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Use of Weather Variables to Quantify Sorghum Ergot Potential in South Africa

January 1998 , Volume 82 , Number  1
Pages  26 - 29

N. W. McLaren and B. C. Flett , Agricultural Research Council—Grain Crops Institute, Private Bag X1251, Potchefstroom, 2520, Republic of South Africa

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Accepted for publication 9 September 1997.

Quantification of resistance to ergot requires that the observed ergot severity within a sorghum line be compared with expected ergot severity (ergot potential) to compensate for differences in environmental favorability for the disease among flowering dates and seasons. The ergot potential required to induce the onset of disease is referred to as the ergot breakdown point of that line. In earlier studies, the ergot potential of a specific flowering date was defined as the mean ergot severity in all sorghum heads over all lines in the nursery which commenced flowering on that date in a genetically broad-based sorghum nursery. In this study, results of field trials enabled accurate prediction of ergot potential by using a multiple regression analysis which included three weather variables—namely, pre-flowering minimum temperature (mean of days 23 to 27 pre-flowering), mean daily maximum temperature, and mean daily maximum relative humidity (mean of days 1 to 5 post-flowering; R2 = 0.90; P = 0.91E-5). Evaluation of predicted and observed ergot severity in an independent data set gave an index of agreement of d = 0.94 and R2 = 0.84 (P = 0.106E-4), showing that ergot severity, assuming the presence of viable inoculum, can be accurately predicted. Low pre-flowering minimum temperature was associated with reduced pollen viability, which appeared to be the primary factor predisposing lines to ergot.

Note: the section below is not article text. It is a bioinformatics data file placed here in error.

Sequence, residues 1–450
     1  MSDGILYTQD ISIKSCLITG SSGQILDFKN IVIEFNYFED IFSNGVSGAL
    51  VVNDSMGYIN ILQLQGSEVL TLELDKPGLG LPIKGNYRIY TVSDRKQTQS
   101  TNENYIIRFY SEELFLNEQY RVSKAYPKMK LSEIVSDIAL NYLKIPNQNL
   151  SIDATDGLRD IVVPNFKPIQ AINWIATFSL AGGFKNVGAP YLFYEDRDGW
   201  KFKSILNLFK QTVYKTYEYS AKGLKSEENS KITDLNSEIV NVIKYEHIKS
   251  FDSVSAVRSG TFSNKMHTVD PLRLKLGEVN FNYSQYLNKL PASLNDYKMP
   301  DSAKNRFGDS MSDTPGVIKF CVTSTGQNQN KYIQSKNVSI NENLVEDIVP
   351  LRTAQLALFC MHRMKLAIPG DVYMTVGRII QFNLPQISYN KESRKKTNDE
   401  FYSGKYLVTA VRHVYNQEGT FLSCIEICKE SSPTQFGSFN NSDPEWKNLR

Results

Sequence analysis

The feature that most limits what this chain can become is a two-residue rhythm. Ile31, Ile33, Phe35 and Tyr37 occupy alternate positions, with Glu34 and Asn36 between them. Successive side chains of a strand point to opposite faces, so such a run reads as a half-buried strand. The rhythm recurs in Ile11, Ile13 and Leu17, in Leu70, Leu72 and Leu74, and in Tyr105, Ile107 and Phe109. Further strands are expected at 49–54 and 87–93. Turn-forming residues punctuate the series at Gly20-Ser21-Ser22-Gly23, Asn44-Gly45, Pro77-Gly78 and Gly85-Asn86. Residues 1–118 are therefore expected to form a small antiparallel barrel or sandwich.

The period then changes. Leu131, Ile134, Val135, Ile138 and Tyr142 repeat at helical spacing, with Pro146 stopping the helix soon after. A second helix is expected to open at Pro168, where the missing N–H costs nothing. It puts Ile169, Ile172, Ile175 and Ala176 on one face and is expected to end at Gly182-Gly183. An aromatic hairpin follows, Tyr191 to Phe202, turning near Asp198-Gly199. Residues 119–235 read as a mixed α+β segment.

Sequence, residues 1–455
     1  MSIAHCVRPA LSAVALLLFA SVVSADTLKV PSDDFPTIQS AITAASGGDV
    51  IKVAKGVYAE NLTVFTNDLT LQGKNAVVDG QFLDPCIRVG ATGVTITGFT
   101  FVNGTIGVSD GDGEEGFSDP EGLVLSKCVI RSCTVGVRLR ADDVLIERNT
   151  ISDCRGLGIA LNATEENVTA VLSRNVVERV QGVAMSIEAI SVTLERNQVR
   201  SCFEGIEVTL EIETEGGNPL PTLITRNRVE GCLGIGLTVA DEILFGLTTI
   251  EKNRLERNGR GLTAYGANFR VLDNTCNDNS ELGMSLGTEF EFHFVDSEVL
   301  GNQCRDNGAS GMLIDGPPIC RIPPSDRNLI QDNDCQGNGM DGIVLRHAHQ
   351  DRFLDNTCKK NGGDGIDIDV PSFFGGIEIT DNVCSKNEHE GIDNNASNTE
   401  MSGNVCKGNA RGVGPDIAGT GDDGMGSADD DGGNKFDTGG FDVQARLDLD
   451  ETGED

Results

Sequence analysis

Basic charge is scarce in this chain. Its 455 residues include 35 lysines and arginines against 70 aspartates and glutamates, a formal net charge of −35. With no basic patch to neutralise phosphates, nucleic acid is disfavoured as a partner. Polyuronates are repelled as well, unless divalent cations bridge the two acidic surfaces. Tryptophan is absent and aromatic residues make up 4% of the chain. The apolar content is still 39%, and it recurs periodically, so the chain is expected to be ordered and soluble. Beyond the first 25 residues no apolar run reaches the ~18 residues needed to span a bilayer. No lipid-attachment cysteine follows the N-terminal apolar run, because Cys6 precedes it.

Additional keywords: Claviceps africana, Sorghum bicolor, sugary disease

© 1998 The American Phytopathological Society